Lesson 3, Sprint 2: Asking Agile Questions

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As an Executive you must learn how to get status and updates from your team by asking Agile questions and support them by responding to challenges in an Agile way.

Estimated Time
75 minutes

Materials Needed:
Whiteboard, paper easel, markers, management team, devs


Preparation

You should have decided on Mission, Goals, and Roles (MGR) from the previous workshop. Now that we have a mission and some goals to work with, as an Executive you will want to check in on the team and get various indications of Status. This is accomplished by asking “Agile” questions. You may also be asked to respond to challenges the team might face and help solve problems that the team cannot solve on their own.

The questions you ask self-directed teams are different from the questions you would ask a waterfall team, and the way you respond to challenges is likewise not the same as it might be for a waterfall project.  The questions you ask and the positions you take should leave the team feeling empowered and trusted to get the job done. They should also sense that the right information is being used to make possibly difficult decisions which are meant to keep the project on track.

The basics of what you need to know as an Executive do not really change by using Agile, but the manner in which you glean this information must be adjusted if you want to achieve the highest levels of success and adoption.  In this workshop you will learn the best ways to get and respond to the essential units of information you need as an Agile Executive.

Essential Information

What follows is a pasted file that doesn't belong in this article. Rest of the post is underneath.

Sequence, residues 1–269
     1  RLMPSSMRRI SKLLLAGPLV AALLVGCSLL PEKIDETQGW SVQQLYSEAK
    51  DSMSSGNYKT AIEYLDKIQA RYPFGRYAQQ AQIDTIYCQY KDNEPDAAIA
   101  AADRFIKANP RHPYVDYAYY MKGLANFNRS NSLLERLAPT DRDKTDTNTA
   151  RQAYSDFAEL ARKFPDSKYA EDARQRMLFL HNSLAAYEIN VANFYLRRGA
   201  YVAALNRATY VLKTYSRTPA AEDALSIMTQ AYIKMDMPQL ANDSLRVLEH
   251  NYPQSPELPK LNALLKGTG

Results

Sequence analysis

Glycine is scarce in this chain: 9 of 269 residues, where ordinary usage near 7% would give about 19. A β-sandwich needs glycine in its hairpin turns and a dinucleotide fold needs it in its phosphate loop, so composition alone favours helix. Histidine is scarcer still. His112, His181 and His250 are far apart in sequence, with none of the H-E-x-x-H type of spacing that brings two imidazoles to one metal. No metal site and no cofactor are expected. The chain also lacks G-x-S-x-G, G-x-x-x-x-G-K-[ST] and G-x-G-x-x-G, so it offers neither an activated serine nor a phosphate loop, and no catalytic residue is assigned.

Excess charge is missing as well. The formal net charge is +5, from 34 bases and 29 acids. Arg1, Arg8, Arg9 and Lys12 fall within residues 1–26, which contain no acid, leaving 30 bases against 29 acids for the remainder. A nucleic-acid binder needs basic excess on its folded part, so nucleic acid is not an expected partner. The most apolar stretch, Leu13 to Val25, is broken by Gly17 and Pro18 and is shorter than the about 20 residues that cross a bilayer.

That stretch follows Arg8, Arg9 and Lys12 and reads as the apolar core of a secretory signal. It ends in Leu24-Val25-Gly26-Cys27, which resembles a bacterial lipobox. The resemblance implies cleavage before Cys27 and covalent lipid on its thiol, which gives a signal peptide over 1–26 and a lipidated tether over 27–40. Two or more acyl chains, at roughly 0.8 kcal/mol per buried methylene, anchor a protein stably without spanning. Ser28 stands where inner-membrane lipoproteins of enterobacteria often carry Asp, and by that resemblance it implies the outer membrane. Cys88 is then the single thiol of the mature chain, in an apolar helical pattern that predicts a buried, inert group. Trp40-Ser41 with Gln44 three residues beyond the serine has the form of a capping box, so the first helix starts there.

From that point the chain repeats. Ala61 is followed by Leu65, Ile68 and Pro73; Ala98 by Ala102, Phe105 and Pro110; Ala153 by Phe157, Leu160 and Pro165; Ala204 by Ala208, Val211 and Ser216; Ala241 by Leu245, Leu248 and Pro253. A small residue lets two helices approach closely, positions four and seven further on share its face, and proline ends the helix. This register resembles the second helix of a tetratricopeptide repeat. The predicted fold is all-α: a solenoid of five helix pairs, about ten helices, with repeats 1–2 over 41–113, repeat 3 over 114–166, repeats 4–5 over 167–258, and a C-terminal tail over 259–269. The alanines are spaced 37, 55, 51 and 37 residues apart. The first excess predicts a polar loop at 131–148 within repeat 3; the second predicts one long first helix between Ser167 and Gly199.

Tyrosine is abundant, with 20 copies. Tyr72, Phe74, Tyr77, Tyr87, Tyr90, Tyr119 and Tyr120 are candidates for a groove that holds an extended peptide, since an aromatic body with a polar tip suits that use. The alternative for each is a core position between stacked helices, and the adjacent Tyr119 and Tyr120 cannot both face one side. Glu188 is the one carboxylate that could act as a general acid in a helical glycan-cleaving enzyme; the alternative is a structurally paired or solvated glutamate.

The essential measures for Agile projects you need to understand and respond to are:

  • Quality
  • Risk
  • Trust
  • Precision
  • Health of the team
  • Focus
  • Prioritization
  • Maturity
  • Team Improvement

This is different than the quite short list of the iron triangle of waterfall inquiry:

  • Cost
  • Scope
  • Time

Using the project selected in Sprint One, you and your team will draw from what you learned in the previous lessons to develop a list of questions and positions that align with the Agile approach to project inquiry.

Break the plenary into groups of 4-10.  The groups can (but don’t have to) be the same groups used in the MGR Sprint, but each group must select a mission (and its goals) developed in the first sprint.

One member of the group will play the role of a member of the executive team, who has a stake in the project.  The group will work together to make a list of 10 questions that will give them the best idea of the status of the project.

What you are looking for

These are “Agile” questions. These types of questions lead to actionable responses, which have an overall positive effect on project success. Agile questions can be about:

  1. Defect backlog (fixing defects in the system)
  2. Team failures (learning from recent failures)
  3. Collaborations (working together to be more effective)
  4. Customer interaction (listening and talking with customers)
  5. Points Velocity (observing the effort expended on user stories)
  6. Burndown (observing the total progress through a sprint)
  7. Scope adjustments (examining whether project specs need to change)
  8. Prioritization and trade-offs (discovering where the ultimate focus should be)
  9. Team balance and confidence (listening to your team to see if they need help)
  10. Retrospective-inspired improvements (discovering new directions based on feedback)

What You May Get